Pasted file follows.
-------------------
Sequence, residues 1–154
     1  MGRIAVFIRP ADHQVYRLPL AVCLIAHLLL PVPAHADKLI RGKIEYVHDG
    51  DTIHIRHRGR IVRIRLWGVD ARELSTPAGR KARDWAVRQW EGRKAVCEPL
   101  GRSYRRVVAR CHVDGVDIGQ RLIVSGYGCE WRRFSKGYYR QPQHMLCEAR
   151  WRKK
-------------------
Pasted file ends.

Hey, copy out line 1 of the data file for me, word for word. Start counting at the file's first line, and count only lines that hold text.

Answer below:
Sequence, residues 1–154